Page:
Possibility to loop through properties properly

Apparently, there’s currently no way to exactly loop through the properties of an instance. This is pretty much inconvenient and could be useful at many times.

For example: when you want to lerp all the properties of an instance, where you check whether it’s lerp-able with typeof(). In my case, I need to lerp all the properties from a Lighting Effect from one to another, which is a tough quest if I need to use a workaround.

Is there any chance this could be added? :smiley:

If there is a possibility to do so, please let me know! :smile:
Thank you!


This discussion has stemmed back to even 3 years ago.

People have been asking for someone to at least easily grab every single property. Which would solve your use case as you can just do Instance[PropTab[PropIndex]]

So far the closest agreed upon solution is having the API dump be provided in an API call to parse or some form of official parser for it rather than having to grab the dump everytime it changes. As presented in that thread, some form of reflection system to get info about objects.


Thank you for the quick reply! :smiley:

I’ll have a look.

Edit: I think that workaround is overly complicated for something this simple. Even making a table of all the properties is simplier than following that API stuff lol.

I’m wondering now why it’s being disliked so much? :worried:


I’m fairly sure there is a github page with the JSON encoded description/properties of all instances somewhere around. The best solution at the time would be a GET HTTP request to it to avoid having to manually update.

As for the lerping multiple properties issue, I suggest looking into TweenService.


I made a plugin recently that needed this, and I had to write my own code to get all of this data. I have to manually update a modulescript every time I need to update the plugin. This would make that a lot easier.

(I’m pretty sure this is what you’re talking about.)


Yeah doing


should work to return the string which you can then JSONDecode.


The problem being HttpEnabled must be set to true, so the majority of implementations that would take advantage of this (plugins) would be inconvenient to use. Want to convert an instance to another class? Have to turn on HttpEnabled first. Someone already did this, but it never took off just due to the inconvenience.


Yup. This is why I was manually updating a modulescript. You can require it to get the latest version without needing to update the plugin. It also means that you don’t need to turn on HttpService

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What would be interesting is if we auto-updated a module with a bot. This way we get every change to the API as it happens, without the added inconvenience of enabling HttpService, having to manually update a module, or the maintainer of a plugin not updating it quickly enough. I may look into this actually.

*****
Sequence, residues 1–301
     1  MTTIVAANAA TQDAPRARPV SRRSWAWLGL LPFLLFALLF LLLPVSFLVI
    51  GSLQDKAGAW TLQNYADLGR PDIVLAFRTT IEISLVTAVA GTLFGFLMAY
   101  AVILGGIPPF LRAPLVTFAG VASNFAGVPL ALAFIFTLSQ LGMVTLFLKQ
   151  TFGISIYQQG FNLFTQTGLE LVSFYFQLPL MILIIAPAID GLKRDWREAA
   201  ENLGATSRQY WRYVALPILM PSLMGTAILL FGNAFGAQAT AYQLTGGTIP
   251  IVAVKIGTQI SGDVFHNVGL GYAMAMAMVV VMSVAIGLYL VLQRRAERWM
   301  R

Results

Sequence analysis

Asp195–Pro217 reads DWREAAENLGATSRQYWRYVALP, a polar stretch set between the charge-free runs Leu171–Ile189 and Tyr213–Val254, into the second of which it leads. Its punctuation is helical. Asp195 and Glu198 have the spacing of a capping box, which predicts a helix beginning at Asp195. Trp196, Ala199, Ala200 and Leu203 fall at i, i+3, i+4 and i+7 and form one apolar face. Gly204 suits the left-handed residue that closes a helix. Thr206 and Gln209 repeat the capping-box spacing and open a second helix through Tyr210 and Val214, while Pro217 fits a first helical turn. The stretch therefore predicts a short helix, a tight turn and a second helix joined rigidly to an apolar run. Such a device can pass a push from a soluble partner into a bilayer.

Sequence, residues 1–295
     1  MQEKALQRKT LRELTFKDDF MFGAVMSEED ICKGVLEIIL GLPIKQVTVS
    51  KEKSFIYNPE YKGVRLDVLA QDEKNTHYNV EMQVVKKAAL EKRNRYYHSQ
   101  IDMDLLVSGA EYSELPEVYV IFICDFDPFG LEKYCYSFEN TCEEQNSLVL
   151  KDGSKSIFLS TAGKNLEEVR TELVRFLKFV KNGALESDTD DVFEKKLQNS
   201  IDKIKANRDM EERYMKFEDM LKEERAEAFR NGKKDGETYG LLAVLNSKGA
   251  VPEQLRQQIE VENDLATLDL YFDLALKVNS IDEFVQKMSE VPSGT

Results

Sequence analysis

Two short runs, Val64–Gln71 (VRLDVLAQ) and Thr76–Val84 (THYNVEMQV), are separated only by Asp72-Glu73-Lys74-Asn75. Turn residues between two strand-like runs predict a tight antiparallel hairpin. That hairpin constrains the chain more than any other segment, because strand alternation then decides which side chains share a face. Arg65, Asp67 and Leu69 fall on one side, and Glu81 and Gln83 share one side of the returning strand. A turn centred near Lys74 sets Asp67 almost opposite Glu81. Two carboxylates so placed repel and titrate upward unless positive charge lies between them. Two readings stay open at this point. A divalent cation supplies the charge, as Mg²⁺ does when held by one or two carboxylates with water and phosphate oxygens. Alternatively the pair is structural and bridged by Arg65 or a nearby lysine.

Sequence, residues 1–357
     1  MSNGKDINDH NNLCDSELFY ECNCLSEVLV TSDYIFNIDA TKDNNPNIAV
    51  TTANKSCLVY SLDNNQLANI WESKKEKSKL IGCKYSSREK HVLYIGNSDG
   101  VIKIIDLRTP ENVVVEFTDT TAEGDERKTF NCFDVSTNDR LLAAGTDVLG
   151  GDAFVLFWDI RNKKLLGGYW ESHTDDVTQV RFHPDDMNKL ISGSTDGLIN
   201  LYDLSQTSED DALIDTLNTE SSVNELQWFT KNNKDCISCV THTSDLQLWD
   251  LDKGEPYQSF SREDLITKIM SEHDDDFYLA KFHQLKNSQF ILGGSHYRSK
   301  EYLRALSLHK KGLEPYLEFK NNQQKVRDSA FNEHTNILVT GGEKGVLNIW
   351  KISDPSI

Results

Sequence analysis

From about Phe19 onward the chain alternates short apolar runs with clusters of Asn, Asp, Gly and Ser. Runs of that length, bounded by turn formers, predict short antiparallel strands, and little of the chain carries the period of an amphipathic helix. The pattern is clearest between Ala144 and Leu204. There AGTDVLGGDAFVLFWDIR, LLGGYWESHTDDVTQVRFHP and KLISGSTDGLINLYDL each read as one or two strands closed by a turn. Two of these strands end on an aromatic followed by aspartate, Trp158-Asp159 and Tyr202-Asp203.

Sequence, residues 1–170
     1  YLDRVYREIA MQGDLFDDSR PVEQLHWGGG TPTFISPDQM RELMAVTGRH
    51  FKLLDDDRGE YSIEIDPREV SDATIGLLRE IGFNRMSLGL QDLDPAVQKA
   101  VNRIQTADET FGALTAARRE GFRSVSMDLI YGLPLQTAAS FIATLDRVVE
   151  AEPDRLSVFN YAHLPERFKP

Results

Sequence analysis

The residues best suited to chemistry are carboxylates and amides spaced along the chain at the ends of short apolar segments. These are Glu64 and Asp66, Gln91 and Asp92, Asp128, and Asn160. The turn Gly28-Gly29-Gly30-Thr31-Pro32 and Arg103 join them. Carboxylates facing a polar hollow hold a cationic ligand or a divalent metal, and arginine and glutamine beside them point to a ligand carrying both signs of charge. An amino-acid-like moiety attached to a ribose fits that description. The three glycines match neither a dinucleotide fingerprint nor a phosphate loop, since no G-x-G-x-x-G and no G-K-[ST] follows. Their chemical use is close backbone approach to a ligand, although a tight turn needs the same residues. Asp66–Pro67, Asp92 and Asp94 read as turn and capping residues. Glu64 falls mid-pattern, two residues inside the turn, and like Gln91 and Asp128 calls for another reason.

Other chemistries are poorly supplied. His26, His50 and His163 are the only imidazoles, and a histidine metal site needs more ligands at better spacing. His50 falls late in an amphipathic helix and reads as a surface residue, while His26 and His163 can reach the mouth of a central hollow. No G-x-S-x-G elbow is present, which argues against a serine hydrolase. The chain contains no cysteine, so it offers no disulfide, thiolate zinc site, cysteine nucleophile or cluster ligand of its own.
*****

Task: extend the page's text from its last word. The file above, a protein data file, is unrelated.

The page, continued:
For this particular use case, I think this would be less useful in practice than it sounds. If you write code to just lerp any types of values it knows how to, future changes to the API could easily break your code by introducing one or more numeric parameters that make no sense to interpolate. But that’s not the only problem…

In one of my places, I lerp between two environment settings, including lighting. But they are not all straightforward lerps. For example, Lighting.TimeOfDay and Lighting.GeographicLatitude wrap around, so there are modulo operations as part of this; a naive lerp would go in the wrong direction half the time (in my use case).

There are also “properties” exposed to Lua that are actually getter/setter functions on the C++ side, and some of them modify the same data as others (like Color3, BrickColor or TimeOfDay and ClockTime). You wouldn’t be able to figure out relationships like this from just the exposed variable type.

Lastly, there are some types you might want to lerp in different ways, depending on the exact property. For example, sometimes you might want to lerp between two Color3’s by hue rotation, other times just linearly (e.g. between two brightness levels of the same hue).

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This does make it hard for devs to make some more abstract things for games (not necessarily front-end but I will use my serializer as an example).
The issue comes when you want to quickly store values of properties of an object for say storing them in between game sessions (which brings forth lots of possibilities, such as custom items in games) or maybe the case I mentioned where I really just want to make something cool and/or useful for other developers.
The uses I could think of right off the top of my head are serializing for storage, passing data as strings to make the client-server boundary easier to deal with, or just sending instance data from the server to the client to prevent the need of forced replicating it to all clients.
As for plugins I’m sure it could give a wider variety of possibilities.

However, @EchoReaper you can do something like the following to ignore the HttpEnabled drawback from plugins:

local Http = game:GetService'HttpService';
local Enabled = Http.HttpEnabled;
local Result;

Http.HttpEnabled = true;

Result = Http:GetAsync(Whatever);

Http.HttpEnabled = Enabled;

Since I believe plugins have access to the property.

They do not. HttpEnabled is LocalUserSecurity:


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A reflection API would be great for tooling, but I don’t think it helps the use case in the OP.

I honestly can’t see more than very few use cases for this.

Im going to bump this since from doing some basic research I still believe the only way to access this data is through http service calls and I can see quite a few common use cases of such a function especially in areas such as plugin development. A GetProperties() function would most likely be the most ideal solution.